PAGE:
According to the chronicles of the historian Desclot Bernat, the Christian forces left much to be desired, as there were several times when the king had to insist that his men enter the battle, even admonishing them on two occasions when he exclaimed the phrase that later passed down into Majorcan folk history: Vergüenza caballeros, vergüenza (for shame knights, shame".[95][96] Finally, the military superiority of the Christians caused the Muslims to withdraw. When James I's knights requested a pause to pay tribute to the nobles who had died, the Muslims were left to flee to the medina where they took refuge. Desclot says in his article that only fourteen men were killed, probably relatives of the Moncadas, among whom were Hugo Desfar and Hugo de Mataplana but only a few ordinary people died.[97]

At night, James I's army stopped to rest in the present town of Bendinat, where according to legend, he ate some soup with garlic. The popular tradition has it that after dinner the king uttered the words in Catalan bé hem dinat (We have eaten well) which could have given that location the name.[98] The news of the death of the Moncadas was given to James I by Berenguer de Palou and two days later, on September 14, they were sent to bury his remains amidst scenes of grief and sadness.

Siege of Madina Mayurqa and the pacification of the island

The siege of Medina Mayurqa lasted for more than three months. In this image, the assault on Jerusalén in the First Crusade.

Grief over the loss of the Moncadas and the decision over the next location of the camp, kept the king and his troops busy for the next eight days. From there, they moved and camped north of the city, between the wall and the area known today as "La Real". James I ordered two trebuchets, a catapult and a Turkish mangonel to be mounted and they subsequently began to bomb the city.[90] The actual site of the camp was strategically chosen based on proximity to the canal that supplied water to the city, but far enough from the springs and Muslim mangonels. James bore in mind what happened to his father in Muret and, sensing that the siege was to extend longer than anticipated, ordered the construction of a fence around the camp that would ensure the safety of his troops.[99]

The trebuchet, a siege engine from the medieval era, that could launch some two projectiles per hour at a target.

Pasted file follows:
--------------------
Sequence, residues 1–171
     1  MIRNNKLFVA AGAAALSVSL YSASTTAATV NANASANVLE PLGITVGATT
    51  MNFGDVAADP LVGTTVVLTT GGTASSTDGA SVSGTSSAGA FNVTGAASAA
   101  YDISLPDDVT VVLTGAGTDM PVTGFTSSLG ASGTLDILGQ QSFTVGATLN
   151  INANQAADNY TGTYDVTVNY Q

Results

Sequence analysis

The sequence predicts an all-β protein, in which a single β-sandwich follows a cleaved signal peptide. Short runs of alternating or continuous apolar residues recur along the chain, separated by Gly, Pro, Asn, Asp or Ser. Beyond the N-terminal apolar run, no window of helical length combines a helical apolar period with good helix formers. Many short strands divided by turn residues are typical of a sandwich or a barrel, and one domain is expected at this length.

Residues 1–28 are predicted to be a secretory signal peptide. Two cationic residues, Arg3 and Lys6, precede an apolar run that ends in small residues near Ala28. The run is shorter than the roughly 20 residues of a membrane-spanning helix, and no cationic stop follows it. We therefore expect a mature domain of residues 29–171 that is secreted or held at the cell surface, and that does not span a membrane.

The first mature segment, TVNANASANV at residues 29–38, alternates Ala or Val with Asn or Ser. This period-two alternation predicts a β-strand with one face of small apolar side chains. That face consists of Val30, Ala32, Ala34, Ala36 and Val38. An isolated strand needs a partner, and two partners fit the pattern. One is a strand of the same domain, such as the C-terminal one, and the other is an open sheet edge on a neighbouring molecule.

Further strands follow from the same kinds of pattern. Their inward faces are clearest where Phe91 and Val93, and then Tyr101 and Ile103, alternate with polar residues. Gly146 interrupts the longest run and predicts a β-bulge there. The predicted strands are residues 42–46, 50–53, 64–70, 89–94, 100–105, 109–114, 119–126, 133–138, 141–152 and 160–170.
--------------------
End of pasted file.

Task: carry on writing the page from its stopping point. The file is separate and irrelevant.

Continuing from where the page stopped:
While the Christian army camped outside the medina, they received a visit from a wealthy and well regarded Muslim named Ben Abed who, appearing before the king, told him that he was in command of 800 Muslim villages in the mountains and wanted to offer all kinds of help and hostages provided the king maintain peace with him, a fact which, together with advice on the practices of the besieged, represented powerful help to the Christians. As a first test of submission, Abed handed James twenty horses laden with oats, and goats and chickens, while the king gave him one of his banners, so that his messengers could appear before the Christian hosts without being attacked.[75]

The response from the besieged was immediate and they answered with fourteen algarradas and two trebuchets. Faced with the unstoppable advance of the king's troops, the Moors tied several Christian prisoners completely naked on top of the walls to prevent it from being bombed. These, instead, screamed exhortations to their compatriots not to cease firing.[100] James I, hearing the pleas in which they said that their death would bring them glory, he commended them to God and redoubled the discharges. Despite the discharges going over their heads, this caused the Muslims to return the prisoners to their cell, seeing that their blackmail was unsuccessful.[100] In response to the Muslim ploy, James I catapulted the 400 heads of infidels who had been captured in a skirmish (commanded by lieutenant Vali, Fati Allah), trying to reopen the water supply to Medina that the Christians had previously blocked.[82]

On sensing their loss, the Muslims offered various negotiations to discuss the surrender of Abú Yahya. James I, in order to cut losses, save lives and get an intact city, was in favour of reaching an agreement. The relatives of the Moncadas and the bishop of Barcelona demanded revenge and extermination.[101] Abú Yahya then withdrew as James was not accepting the conditions. The Wali assured that from then on every Saracen would be worth twice as much.[16] Given this context the king was forced to yield to the desires of his allies and continue with the campaign that culminated in the taking of Palma de Mallorca.

Taking of Madina Mayurqa

Hugo IV of Ampurias and Pero Maça, Lord of Sangarrén, during the conquest of the island.

The strategy used to conduct a siege on a walled city usually involved encircling the city and waiting for its defenders to suffer the consequences of thirst and hunger. Due to the weather conditions on the island during this time of year and the low morale and fatigue of James I's troops, the king elected to attempt to break down the walls and assault the towers in order to end the venture as soon as possible. Among the various machines that were usually used at the time were wooden siege towers, woven wattle, battering rams, lath crossbows and trebuchets.[83]